Some thoughts on meditation

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Jun 15, 2015, 3:29:13 PM6/15/15
Some Thoughts on Meditation
Meditation is a word we come across so often,
that it is as common to hear a friend say that they are going to their
meditation class as it is to be attending car maintenance sessions.
But whereas motor car maintenance is fairly straight forward in that we know what our mechanical short comings are and we have some idea of the skills we are going to have to acquire to keep our 1970 Beetle on the road, in a reasonable state of repair, this is not the case with meditation. With meditation, the situation is a little more complex. Generally we take up meditation for reasons that are deeply personal, subjective and often difficult to understand with any degree of accuracy. In fact, our reasons for taking up meditation, are often as little understood as the "self" that is taking up the practice. Many people turn to meditation as therapy, as a possible means of dealing with emotional problems and trauma. When this is the case, it can be a difficult and sometimes emotional cycle of change in our lives, at a point where we are least likely to behave where we are least likely to behave rationally. Meditation can be a very successful and therapeutic tool but we need to give some thought to what we are getting involved with and why. That there are pitfalls and dangers in this area, will be apparent to most people, because for every good meditation teacher, there are a number of cult groups and gurus, that are only too willing to take in the unwary, well meaning as some of these groups are. Others are frankly exploitative whether financially or emotionally and it is all too east to lose valuable time and energy to them, for by any more serious consequences.
There are many diverse approaches to meditation, and many schools of thought, both modern and traditional. The most common sources for meditation instruction in Britain, are to be found in a number of traditional schools, particularly Sufism, Buddhism and Hinduism.
All of these schools have many sub-divisions and offshoots from the main sampradayas, the disciplic successions. There are a number of Buddhist groups working in most cities, from traditional Tibetan, to
virtually western. There are also many schools of yoga, ranging all the way from Bhakti to Jnana and Sufi teachings that stem from traditional sheiks, to G.I. Gurdjieff. The western tradition is also there but the secrecy brought about by centuries of church persecution has made this an even more hazardous path to approach, as the lack of structure which presents little in the way of problems to the strong minded, can be disasterous to the easily led. Regardless of what sort of meditation we are investigating, it is essential that we remember it is an investigation. We have to be pragmatic, accepting nothing on face value until such a time as we can say - "Yes, such and such is a beneficial technique, it does everything that the teacher said it would!" Or on the other hand , "No, it does nothing for me!" It is all too easy to accept on face value something that we want to believe in, something that looks attractive and seems to be the answer to all our problems. Life is seldom that simple: we have to find the right medicine for our particular complaint, rather than quaffing like Alice, the first bottle with a "Drink Me," label that we stumble upon. Most of the traditional meditation schools are well documented and have an extensive literature of their own. This is part of the investigative process, so check it out, read up on them, reading both writers from inside and outside the system if possible and finally judge by results rather than the claims of exponents. For many of us with a Western European Christian church background, a lot of trauma can come about through having left the religion we were brought up in. Many individuals who give up a Western faith, simply replace it with its exact complement from the Orient. We have to realise that faith alone is dangerous, as it borders on the fanatical. What we need is knowledge and even in the insecurity of not knowing, of not having any answers, is better than accepting answers that have no foundation in our experience.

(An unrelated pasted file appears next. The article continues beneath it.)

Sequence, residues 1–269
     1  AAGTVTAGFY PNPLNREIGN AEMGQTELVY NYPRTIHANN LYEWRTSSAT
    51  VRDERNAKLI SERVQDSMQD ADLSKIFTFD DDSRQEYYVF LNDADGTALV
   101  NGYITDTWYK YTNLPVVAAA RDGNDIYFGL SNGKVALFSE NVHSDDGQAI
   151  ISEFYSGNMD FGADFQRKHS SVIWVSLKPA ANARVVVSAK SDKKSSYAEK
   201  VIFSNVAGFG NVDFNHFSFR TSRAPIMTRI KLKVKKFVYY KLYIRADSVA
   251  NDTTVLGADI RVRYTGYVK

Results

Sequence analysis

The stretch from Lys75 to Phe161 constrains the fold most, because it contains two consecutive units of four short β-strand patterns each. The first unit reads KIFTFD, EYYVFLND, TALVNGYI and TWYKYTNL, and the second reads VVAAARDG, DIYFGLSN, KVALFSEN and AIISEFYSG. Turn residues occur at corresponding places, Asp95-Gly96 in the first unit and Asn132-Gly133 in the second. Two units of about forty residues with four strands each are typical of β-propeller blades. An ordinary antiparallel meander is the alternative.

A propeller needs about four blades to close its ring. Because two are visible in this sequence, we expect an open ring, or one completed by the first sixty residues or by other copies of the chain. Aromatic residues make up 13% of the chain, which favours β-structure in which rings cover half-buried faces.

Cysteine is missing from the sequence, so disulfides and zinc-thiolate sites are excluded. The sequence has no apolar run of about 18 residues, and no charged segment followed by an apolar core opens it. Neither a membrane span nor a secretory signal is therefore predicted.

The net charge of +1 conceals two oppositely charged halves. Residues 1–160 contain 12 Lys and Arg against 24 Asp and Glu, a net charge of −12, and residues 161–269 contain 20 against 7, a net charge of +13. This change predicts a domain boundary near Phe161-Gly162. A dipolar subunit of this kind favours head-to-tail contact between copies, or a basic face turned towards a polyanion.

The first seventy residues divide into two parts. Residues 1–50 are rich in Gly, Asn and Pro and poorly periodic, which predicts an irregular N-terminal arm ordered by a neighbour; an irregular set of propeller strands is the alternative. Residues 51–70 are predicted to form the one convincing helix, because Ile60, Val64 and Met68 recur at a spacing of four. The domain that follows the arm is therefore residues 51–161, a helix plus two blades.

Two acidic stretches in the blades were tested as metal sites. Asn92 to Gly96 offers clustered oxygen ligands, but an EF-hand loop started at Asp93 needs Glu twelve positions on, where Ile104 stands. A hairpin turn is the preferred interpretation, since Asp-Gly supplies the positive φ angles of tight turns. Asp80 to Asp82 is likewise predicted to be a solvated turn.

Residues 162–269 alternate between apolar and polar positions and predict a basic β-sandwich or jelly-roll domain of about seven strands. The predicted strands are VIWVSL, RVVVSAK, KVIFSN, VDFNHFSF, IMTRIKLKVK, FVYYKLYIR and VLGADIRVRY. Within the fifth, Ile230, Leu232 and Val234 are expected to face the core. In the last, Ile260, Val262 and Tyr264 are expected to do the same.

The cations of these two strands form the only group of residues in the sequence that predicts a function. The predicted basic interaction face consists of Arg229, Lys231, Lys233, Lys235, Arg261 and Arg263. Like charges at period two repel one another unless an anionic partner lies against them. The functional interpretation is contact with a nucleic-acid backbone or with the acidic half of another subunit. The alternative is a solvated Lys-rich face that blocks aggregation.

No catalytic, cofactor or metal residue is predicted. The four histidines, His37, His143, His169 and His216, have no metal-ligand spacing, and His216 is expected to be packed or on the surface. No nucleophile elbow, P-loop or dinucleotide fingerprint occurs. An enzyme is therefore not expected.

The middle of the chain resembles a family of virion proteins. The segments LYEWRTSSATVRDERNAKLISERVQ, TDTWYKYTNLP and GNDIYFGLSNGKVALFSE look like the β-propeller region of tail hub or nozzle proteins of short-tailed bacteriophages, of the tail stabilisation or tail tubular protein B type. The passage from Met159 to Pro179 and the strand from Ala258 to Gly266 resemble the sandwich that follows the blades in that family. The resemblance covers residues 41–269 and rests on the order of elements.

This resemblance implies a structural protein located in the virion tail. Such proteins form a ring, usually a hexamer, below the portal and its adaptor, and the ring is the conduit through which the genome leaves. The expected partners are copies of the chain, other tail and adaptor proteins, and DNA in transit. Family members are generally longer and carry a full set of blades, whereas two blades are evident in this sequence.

Alan Watts wrote a book around this theme called The Wisdom Of Insecurity and it is important to realise that insecurity can contain a great deal that is positive and helpful. If we can accept our lack of knowledge, accept that we "know" very little and make that little the basis our lives, in time the kernel of knowledge will grow. By keeping open the space that insecurity gives us, we are giving ourselves room to grow in. Meditation will help but we have to start off sensibly and avoid the
pitfalls of the unwary and the over enthusiastic.
Mind and Memory Training Ernerst Wood
Self Culture I.K. Taimni
The Wisdom of Insecurity Alan Watts
The Quiet Hour Michael Volin
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